Category Archives: Lua

Preventing Duplicate dofile() Calls in Lua

I’m using dofile() to pull in support files, similar to how you would use #include <filename> in C++.  However, you can’t do the C++ #ifdef syntax to prevent a file from getting included more than once. You can however customize the dofile() function to do something similar.  Remember that all function names are variables that you can assign in Lua.  Here’s the code:

local oldDoFile = dofile
local loadedFiles = {}
function dofile(filename)
  if loadedFiles[filename] ~= true then
    print("Loading " .. filename)
    loadedFiles[filename] = true
    print("Skipping load for " .. filename)

First you save a reference to the existing dofile() function, but call it oldDoFile.  We also have a local table to store all filenames that have been loaded called “loadedFiles”.  Then we can redefine dofile() to check this table before calling the oldDoFile() function.  Now you can add dofile() calls to the tops of your various .lua scripts without worrying that a file will get included twice!

My Proposed Lua Style Guide

I don’t know much about how people typically style their Lua code, but I’ve picked a few guidelines I’m going to try to stick to.  They seem consistent with what the Moai SDK uses, and if you end up working with my code, please try to stick to it:

  • Always keep the scope as small as possible, which means marking most things “local”, including local helper functions.
  • Local variables are in camel case, starting with a lowercase character, without any kind of Hungarian notation.  For example “local numberOfItems”.  Since these are local, if you want you can go with “local number_of_items”, since it only affects the scope you are working on, so I don’t care so much.
  • Global variables are in camel case, starting with an uppercase character.  This includes classes and global functions.  For example “SpriteManager = CreateClass()” or “MyGlobalVariable = 1”
  • Keys in tables are in camel case, starting with a lowercase character.  This includes function names in classes.  For example “function SpriteManager:draw()”.
  • File names are all lowercase with underscores separating words.  For example “sprite_manager.lua”.
  • Tabs are 2 spaces.
  • Comment on any global variables that get created in functions.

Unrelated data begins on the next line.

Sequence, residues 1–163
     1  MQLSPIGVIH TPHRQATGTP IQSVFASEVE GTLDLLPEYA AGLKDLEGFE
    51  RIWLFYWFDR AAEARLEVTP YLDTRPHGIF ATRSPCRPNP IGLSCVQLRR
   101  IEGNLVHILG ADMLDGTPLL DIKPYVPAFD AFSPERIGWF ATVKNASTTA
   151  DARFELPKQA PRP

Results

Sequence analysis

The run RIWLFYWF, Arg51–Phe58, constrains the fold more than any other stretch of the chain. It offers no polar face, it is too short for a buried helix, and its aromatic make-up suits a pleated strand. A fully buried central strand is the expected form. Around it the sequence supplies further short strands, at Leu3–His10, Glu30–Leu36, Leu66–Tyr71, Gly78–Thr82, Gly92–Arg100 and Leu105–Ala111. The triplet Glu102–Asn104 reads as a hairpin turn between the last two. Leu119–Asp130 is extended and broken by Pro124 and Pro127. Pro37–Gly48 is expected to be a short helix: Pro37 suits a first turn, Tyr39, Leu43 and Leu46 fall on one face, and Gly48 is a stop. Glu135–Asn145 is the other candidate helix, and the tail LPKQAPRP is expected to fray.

Other than these items, I am not following an other strict style guide.  I did come across the style guide the Moai developers follow, and it is super long and really specific.  I haven’t found that it is worth it to care so much about such little things.  Also when in doubt, just match the code around what you are working with.

As a general design principle, I am still trying to stick with the general OOP concepts you would use in C++/C#/Java.  I’ve read that the “Lua” way to do things is not do use all these OOP patterns and just keep things as simple as possible, but I can’t imagine that scales well to larger projects, or would be easy to port to other languages.

Of course since I’m just starting out here, things might change, and if you can think of a better way to do things, let me know!

Classes with Lua

Even though Lua doesn’t have the concept of classes, we can still use tables to simulate them.  You can create tables with string to number/string/bool to represent member variables, and string to functions to represent member functions.  This would be an example of a table with some of these defined:

--This is the syntax to create a new table
Foo = {}
Foo.memberVariable = 1
function Foo.memberFunction()

Continue reading Classes with Lua

Lua Basics

I’ve worked with a handful of scripting languages before (DCL, perl, python) but I’ve never written more than a few projects in any one.  Since you are usually doing something pretty simple with them, I typically just find a tutorial, and look up just enough to get my work done.

I’m just going to list some interesting points about the Lua language here, and if you need more information, you can search for it online.  This should be enough for you to get enough of an understanding to read basic scripts.
Continue reading Lua Basics